My professor – a Presbyterian Hebrew Bible specialist married to a Jewish New Testament scholar – described himself half-kiddingly as a biblical literalist – because he said that too often people argued about the bible without ever actually reading the bible. He said, our task will be to literally read the bible. To see not what our memories recall as the text, or what has been passed to us through culture or tradition, but to see what the text actually says, and to wrestle with the text as it is.

Over the course of 10 weeks, we literally read the Bible, starting with Genesis. Right off the bat, we realized there was not just one story of creation in the Bible, but two – quite differently told, with significantly different implications. Also, in one of the tellings, there is a mention not just of God singular, but also the gods, plural. Woh.

This was just one of a thousand discoveries of discrepancies between popular re-telling of scripture and the actual text. Another example, the bible was filled with stories of what conservative Christians today would call non-traditional marriages – blended families, multiple wives, women making lives together, love between men. And that text so often referenced to demonize gay people – about the destruction of Sodom and Gomorrah? It actually had nothing to do with homosexual behavior and was instead an admonishment about failing to extend hospitality to the stranger.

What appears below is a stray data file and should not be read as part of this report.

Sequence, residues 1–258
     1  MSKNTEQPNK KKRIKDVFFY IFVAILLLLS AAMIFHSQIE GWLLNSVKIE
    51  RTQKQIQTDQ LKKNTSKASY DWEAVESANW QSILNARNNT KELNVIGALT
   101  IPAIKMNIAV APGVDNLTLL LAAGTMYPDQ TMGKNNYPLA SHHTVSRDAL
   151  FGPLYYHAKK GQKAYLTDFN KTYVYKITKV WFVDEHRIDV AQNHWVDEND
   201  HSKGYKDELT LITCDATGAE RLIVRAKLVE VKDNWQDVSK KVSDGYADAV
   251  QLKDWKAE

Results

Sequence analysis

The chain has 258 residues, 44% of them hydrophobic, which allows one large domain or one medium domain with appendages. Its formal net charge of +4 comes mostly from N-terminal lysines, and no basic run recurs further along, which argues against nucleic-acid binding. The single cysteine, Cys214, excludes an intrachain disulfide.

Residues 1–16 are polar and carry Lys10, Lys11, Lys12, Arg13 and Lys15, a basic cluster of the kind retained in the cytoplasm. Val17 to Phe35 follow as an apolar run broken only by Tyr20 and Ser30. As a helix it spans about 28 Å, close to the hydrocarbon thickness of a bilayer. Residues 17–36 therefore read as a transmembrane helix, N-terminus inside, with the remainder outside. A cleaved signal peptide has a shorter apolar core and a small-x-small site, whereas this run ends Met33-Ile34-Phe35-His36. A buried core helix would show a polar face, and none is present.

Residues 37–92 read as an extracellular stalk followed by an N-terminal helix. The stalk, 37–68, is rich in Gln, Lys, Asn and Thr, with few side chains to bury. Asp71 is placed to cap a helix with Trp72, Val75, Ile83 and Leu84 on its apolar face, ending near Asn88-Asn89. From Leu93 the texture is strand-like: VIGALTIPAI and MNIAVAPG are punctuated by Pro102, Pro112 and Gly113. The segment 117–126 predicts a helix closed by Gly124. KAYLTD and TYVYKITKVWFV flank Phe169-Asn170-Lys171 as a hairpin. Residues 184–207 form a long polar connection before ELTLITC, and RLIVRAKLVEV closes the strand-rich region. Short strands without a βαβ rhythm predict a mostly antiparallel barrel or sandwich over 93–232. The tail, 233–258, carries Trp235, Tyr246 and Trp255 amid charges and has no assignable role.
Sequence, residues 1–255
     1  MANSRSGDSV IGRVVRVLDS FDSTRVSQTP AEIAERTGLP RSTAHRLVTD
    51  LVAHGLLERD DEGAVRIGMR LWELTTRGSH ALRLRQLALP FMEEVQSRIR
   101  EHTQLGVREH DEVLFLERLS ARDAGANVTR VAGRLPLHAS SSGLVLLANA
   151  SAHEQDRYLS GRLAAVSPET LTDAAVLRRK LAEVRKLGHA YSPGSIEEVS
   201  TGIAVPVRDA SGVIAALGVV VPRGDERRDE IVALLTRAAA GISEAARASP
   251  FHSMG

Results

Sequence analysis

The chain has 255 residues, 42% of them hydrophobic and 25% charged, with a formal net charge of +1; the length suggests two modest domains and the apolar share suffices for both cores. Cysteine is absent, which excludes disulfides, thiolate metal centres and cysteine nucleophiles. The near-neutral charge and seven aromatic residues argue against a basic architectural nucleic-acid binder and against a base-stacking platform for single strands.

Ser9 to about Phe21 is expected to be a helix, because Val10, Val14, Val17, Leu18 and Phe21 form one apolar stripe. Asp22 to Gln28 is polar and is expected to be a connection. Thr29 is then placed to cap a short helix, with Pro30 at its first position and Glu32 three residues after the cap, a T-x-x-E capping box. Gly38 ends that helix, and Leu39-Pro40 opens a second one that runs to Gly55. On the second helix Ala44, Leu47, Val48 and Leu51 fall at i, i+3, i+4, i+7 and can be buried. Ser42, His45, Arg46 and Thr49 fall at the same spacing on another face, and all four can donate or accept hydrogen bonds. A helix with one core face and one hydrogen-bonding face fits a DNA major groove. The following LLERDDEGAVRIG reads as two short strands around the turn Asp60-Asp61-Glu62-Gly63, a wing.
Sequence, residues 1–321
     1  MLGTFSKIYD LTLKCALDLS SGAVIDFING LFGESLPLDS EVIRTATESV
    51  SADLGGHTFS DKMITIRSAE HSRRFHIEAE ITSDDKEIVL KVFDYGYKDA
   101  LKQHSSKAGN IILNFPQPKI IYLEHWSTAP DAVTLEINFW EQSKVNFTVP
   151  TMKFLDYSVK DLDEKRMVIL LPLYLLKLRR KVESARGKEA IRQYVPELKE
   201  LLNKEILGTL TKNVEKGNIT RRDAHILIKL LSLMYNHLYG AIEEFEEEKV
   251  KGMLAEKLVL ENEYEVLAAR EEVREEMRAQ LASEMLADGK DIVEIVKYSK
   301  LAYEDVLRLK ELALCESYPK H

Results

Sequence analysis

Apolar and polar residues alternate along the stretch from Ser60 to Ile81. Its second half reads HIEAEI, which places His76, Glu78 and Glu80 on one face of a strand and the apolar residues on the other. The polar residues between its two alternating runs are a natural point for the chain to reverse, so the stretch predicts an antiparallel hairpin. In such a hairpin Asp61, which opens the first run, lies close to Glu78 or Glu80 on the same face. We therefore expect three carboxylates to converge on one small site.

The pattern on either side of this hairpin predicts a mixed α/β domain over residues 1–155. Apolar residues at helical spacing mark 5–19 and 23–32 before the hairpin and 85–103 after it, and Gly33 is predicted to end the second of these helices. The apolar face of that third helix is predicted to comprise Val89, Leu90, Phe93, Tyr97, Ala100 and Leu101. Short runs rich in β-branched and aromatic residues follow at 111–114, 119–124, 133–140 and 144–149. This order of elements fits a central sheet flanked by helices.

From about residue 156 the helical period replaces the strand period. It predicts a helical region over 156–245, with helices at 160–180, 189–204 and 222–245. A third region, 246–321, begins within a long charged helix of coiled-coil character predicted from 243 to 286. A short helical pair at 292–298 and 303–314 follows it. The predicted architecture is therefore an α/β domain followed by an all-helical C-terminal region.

I was appalled. How could they get away with telling such total lies about what the bible actually even says? And how could those lies end up having such a direct impact on my life? on so many people’s lives?

Along the way, I learned how the text was written, compiled, edited, and eventually codified into this thing we know as the bible. I learned about the problem of translation – not just ancient Hebrew to American English, but also across cultures and millennia.
I learned the crazy likelihood that as our reading says, nearly none of it was historical – but was a story retold by a people trying to make sense of where they had been, where they were going, and why.  Or really it was many stories, often contradictory, often with unclear meanings. Those folks who say the bible is a good and simple rule book for living, I’m guessing have never actually read the bible.